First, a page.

With congressional pressure mounting, the short list for the Department of Justice's No. 2. position appears to be getting shorter all the time.
President-elect Barack Obama's transition staff has declined to discuss potential Justice nominees, or even reveal who on the transition team is mustering names. But Washington lawyers have been speculating for weeks that Wilmer Cutler Pickering Hale and Dorr's David Ogden, who is heading the Justice Department transition team, is the likely pick for deputy attorney general. One Washington lawyer close to the transition says his nomination is all but assured.
Elena Kagan, dean of Harvard Law School, has also been named as a possibility, though many say the position would be an odd fit. Denied a hearing by Republicans after President Bill Clinton nominated her to the U.S. Court of Appeals for the D.C. Circuit in 1999, Kagan has re-emerged as a potential Supreme Court pick for Obama.
Senate Judiciary Committee Chairman Patrick Leahy, D-Vt., announced Dec. 15 that he would delay the confirmation hearings for Attorney General-designate Eric Holder Jr. for a week -- to Jan. 15. The date was pushed back to placate Republicans who said they needed more time to pick through Holder's record and, as Leahy noted sourly, because the "committee has not yet received the names of other designees for high-ranking Department of Justice officials that we had anticipated." (By press time, the committee still had not received a list, according to a Leahy spokeswoman.)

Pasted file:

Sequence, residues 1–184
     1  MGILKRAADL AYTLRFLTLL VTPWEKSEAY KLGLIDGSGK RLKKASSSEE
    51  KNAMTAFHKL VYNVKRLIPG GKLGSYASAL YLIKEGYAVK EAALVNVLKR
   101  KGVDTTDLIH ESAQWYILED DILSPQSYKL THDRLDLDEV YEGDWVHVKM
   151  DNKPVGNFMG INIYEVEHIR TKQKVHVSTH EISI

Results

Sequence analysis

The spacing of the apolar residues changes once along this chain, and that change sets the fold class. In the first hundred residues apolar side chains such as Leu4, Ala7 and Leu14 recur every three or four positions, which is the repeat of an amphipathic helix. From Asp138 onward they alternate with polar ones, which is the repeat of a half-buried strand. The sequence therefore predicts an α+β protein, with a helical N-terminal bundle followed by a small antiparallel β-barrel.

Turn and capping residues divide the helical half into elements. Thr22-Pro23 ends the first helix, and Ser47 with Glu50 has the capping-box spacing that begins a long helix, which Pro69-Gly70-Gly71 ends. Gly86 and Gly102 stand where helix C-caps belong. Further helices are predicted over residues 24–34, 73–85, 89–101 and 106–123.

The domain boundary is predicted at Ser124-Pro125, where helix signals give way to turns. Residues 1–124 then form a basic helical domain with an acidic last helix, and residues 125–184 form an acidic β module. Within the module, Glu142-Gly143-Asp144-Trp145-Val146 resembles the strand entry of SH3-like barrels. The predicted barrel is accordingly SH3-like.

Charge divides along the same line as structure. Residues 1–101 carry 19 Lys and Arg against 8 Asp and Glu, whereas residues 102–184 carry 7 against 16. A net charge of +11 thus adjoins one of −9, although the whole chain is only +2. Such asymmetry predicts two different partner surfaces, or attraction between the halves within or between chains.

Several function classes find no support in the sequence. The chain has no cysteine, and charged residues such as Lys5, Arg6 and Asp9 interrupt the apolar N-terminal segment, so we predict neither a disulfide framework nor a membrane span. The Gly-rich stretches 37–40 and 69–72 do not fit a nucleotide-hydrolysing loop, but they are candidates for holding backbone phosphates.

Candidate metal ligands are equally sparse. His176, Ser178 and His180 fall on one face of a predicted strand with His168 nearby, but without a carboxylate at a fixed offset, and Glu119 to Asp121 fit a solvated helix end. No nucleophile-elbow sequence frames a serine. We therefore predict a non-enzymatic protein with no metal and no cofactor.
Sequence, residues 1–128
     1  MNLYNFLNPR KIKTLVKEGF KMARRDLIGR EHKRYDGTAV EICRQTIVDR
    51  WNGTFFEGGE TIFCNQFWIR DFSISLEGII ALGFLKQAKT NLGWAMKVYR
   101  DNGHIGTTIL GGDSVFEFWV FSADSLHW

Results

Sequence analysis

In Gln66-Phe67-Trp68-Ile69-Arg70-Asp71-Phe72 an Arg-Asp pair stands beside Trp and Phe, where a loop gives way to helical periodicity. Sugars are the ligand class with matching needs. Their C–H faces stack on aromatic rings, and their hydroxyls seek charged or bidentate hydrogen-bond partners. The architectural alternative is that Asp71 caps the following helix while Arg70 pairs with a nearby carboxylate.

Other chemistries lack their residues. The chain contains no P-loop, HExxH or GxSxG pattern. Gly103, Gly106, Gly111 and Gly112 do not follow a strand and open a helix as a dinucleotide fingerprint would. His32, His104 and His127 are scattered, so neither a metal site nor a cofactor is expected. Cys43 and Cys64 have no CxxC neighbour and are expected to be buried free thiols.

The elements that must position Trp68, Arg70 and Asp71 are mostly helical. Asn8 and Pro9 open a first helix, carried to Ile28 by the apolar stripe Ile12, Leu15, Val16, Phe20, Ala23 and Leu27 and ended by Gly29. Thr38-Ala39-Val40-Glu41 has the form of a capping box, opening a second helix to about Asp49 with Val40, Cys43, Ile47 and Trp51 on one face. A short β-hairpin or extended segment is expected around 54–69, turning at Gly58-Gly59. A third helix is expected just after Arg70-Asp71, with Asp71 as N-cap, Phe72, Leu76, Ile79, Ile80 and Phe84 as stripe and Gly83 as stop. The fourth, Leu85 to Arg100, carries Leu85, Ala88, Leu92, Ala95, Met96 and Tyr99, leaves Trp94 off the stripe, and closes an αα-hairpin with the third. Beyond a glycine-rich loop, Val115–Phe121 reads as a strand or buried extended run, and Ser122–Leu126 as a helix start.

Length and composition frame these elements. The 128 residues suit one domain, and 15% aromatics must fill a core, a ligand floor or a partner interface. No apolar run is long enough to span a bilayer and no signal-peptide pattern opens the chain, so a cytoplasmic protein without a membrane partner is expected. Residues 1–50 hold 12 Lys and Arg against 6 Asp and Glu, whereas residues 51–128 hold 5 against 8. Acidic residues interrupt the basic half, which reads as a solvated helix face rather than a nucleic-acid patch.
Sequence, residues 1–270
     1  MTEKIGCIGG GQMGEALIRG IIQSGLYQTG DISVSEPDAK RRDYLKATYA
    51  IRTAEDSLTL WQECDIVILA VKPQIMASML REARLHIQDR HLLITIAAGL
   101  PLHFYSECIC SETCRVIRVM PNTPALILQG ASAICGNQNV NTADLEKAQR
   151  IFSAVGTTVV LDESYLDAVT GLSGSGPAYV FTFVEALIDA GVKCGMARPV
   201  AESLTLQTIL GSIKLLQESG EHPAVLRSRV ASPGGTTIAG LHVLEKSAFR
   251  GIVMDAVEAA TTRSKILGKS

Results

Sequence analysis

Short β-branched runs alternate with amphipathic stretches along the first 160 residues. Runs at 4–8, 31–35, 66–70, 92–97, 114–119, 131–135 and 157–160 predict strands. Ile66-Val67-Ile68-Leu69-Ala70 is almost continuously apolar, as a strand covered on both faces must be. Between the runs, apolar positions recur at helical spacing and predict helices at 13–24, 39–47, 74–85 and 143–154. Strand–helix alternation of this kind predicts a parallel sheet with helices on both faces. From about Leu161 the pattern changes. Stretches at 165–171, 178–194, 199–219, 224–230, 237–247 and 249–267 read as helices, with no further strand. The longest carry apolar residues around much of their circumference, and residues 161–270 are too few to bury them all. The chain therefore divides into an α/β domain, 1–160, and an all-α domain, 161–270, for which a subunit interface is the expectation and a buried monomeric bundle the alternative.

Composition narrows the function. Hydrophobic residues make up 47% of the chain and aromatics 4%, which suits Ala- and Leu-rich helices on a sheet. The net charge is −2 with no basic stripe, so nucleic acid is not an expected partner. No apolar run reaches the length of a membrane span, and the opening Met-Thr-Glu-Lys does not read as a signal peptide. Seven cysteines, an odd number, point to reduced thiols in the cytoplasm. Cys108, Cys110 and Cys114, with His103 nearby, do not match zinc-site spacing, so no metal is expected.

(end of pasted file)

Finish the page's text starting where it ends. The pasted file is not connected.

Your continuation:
Ogden, who left Justice in 2001 as the head of the Civil Division, is co-chairman of Wilmer's government and regulatory litigation practice group, but his practice bleeds into policy and strategy, national security, government contracts, and international litigation and arbitration. His big clients include the Walt Disney Co., Royal Dutch Shell, BP and Lufthanasa AG (Europe's leading airline), which he is representing in a massive air cargo price-fixing case in federal court in New York.
In the Shell case, Ogden and his partners scuttled a Nicaraguan court order authorizing the government's seizure of Shell's trademarks and logos in the country. Ogden also played a principal role in Roper v. Simmons, in which the Supreme Court, in a 5-4 opinion, struck down the death penalty for those under 18. He keeps a plaque commemorating the victory in his office.
Ogden's co-chairman at Wilmer, partner Randolph Moss, a former deputy assistant attorney general in the Office of Legal Counsel, says Ogden proved his managerial facility as head of the Civil Division, supervising about 900 lawyers.
The deputy attorney general, who oversees the day-to-day operation of the department, typically comes to the job with a criminal law background, but Moss says Ogden and Holder would complement each other.
"The fact that Eric brings enormous expertise on criminal matters creates a nice balance," Moss says. And he adds that Ogden was associate deputy attorney general under then-Deputy Attorney General Jamie Gorelick, a job that required his involvement in numerous criminal investigations. Gorelick is now Ogden's colleague at Wilmer.
Before taking over the Civil Division, Ogden was chief of staff to then-Attorney General Janet Reno. He has also served as deputy general counsel at the Defense Department. Ogden did not respond to requests for comment.